Deer are reclusive creatures at the best of times, doing their best to stay out of sight, and thus, out of harm’s way, so you’d imagine they’d be particularly inclined to hunker down in a safe, cozy space when the weather takes a turn for the worst.
Due to their size, deer don’t get a lot of shelter from the elements out in the wild, but they will seek out places to rest with significant cover in certain scenarios, yet, as it happens, rain isn’t on their list of things to take cover from.
Why is this the case?
Well, there are a few reasons why deer don’t mind having a prance in the rain, so let’s discuss the matter in more detail.
Why Do Deer Move In The Rain?
Most of the time, deer weather the rain out of necessity, but they’re also known to use a downpour strategically. Allow me to elaborate…
There are lots of reasons to avoid the rain…
it’s often cold, it leaves you moist and uncomfortable, and it makes all terrain far more dangerous and slippery, but for deer, there’s one primary benefit that trumps all these negatives — Rain is NOISY!
During rainfall, there are millions of watery collisions as water droplets fall into the landscape, forming a blanket of white noise capable of masking comparatively quiet sounds.
Deer take full advantage of this opportunity to engage in some sonic stealth.
During rainfall, deer will often sneak out of hiding in order to forage for food or travel, as predators won’t be able to hear their movement over the noise of the weather.
So, what would be a risky move in pleasant weather becomes a viable option for deer when the heavens open up.
They tend to utilize the wind to mask their movements as well, which is remarkably intelligent, but there’s one flaw in their weather-based strategies… us.
Hunters have cottoned on to the idea that deer are more likely to be active during rainfall, and will be lying in wait for one or more to make a move and head out into an open space.
That said, deer have a secret superpower in the rain that gives them a fighting chance against riflemen hoping to take advantage of increased movement in their habitat.
Have you ever been out after a light rain and noticed how pungent everything smells?
You can smell the cut grass in the park from two blocks away, the flowers in your garden from down the street, and the dampness of forestry from your front door.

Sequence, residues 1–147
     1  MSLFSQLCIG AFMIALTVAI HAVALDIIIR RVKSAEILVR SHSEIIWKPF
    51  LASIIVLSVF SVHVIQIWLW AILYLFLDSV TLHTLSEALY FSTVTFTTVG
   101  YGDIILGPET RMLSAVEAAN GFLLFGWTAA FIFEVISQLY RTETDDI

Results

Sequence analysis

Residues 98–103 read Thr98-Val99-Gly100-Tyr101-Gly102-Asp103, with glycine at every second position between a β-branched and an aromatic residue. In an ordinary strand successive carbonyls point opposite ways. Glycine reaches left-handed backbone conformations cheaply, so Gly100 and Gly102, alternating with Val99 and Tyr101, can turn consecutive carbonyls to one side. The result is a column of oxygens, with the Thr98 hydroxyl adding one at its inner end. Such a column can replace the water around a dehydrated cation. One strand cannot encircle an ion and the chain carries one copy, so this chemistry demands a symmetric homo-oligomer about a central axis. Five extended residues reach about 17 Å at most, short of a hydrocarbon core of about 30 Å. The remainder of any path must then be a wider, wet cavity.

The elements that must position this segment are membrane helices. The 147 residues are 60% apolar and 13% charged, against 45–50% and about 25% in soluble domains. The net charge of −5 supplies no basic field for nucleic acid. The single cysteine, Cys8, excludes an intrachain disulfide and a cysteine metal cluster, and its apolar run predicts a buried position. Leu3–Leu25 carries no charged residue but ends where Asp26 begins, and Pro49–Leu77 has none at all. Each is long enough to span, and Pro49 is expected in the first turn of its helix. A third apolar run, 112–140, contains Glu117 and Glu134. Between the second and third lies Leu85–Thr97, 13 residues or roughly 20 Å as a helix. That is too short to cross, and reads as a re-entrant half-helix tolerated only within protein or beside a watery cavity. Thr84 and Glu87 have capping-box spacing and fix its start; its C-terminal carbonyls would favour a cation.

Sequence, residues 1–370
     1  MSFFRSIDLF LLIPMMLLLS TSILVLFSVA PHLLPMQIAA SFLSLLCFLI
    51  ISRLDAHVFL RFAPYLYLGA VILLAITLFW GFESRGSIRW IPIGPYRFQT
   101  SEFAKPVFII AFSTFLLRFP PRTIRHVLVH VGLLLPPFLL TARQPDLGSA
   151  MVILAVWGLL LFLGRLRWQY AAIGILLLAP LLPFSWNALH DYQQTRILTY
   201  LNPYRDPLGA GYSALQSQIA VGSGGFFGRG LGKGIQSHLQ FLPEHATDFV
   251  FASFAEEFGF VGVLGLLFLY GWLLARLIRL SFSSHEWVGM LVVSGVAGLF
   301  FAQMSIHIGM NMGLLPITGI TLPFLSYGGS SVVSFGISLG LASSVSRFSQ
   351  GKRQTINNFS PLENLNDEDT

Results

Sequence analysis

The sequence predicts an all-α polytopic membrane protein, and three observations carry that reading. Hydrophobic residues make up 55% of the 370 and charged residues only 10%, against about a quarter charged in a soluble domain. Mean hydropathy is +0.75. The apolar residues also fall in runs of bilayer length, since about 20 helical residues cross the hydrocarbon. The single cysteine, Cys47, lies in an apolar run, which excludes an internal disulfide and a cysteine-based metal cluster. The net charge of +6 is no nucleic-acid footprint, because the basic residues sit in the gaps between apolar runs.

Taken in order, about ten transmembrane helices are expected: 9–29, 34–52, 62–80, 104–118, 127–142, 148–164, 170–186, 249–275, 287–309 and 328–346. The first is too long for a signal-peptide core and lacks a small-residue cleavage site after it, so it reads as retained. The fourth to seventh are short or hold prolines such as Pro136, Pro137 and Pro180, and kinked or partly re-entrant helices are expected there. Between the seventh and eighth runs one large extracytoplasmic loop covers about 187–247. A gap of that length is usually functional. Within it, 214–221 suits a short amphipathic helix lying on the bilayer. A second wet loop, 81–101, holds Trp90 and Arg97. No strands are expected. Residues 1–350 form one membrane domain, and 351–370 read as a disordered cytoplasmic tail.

This is because moisture holds scent in place, and as it typically arrives with low-pressure weather fronts, there is less wind to carry scent up and away,.
This means deer can use their super powerful sense of smell to gain a vastly enhanced awareness of their surroundings.
In light of this, to avoid spooking their target, hunters have to keep their distance during and after rainfall, which makes for a much harder shot.
Deer Have Oily Fur
Much like our own skin, deer skin produces oil, a substance that coats their fur over time, and as I’m sure you’re aware, oil and water don’t play nice.
Well, it’s not that they don’t play nice as much as it’s that they don’t play at all.
If you ever see oil in water, you’ll notice that it doesn’t merge, rather, oil will always float on top of water, which in scientific lingo means they’re immiscible — They will always remain separate entities.
This is a BIG win for deer, as – much like ducks – rain slips right off them, so their fur doesn’t ever really get wet, enabling them to stabilize their temperature remarkably well, even in very cold weather.
Life Goes On Despite The Weather
Another reason deer move in the rain (or wind) is that they often have to in order to forage for food.
It’s fine for us humans to hunker down and wait for bad weather to pass, as we have kitchens full of food, but deer have no such luxury, and they love to eat!
On average, a deer will eat between 6 and 8% of its body weight every single day, so come rain or shine, they’ll be out there looking for a bite!
And if the rain coincides with a dip in temperature, deer will have to bolster their diets in order to consume enough fuel to stay warm through the cold spell.
They may also need to move to an entirely new area to find sufficient food for the herd, and such an urgent move requires immediate action, regardless of the weather.
Does tend to leave their fawns in cover during the day and night, only returning to feed them in the crepuscular hours.
They do so to prevent nocturnal and diurnal predators from tracking down their resting spot, so rain or no rain, they must head out and establish some distance between themselves and their young.
Taking Geographical Differences Into Consideration
The thing to understand about the points discussed above is that they’re very general assertions.
Yes, deer are known to head out into the rain, but it’s not a given.
There are certain variables at play that inform such a decision, the most important of which is geographical location.
For instance, a New England herd will experience a lot of rainfall, while deer native to Texas won’t get much rain at all, meaning their reaction to a downpour will be completely different.
The Texan deer may use it as a chance to cool off, but not as a tactical move to forage for food, while coastal deer will be more in tune with the strategic potential of rainfall.
Downpour Intensity Matters
Deer fare very well in rain… but there’s a limit. At a certain intensity, the advantages a deer gains during wet weather are eclipsed by the negative aspects of facing extreme weather.
Researchers have found that particularly violent downpours result in less individual and herd movement.
Do deer move in the rain?
Yes, they are known to, but their specific behavior will be determined by their appetite, the climate of their habitat, and the ferocity of the rain.
They’ll also take time of day into account as they’re most at risk of predation during daylight and nighttime hours, meaning the benefits of rainfall may not be worth the risks.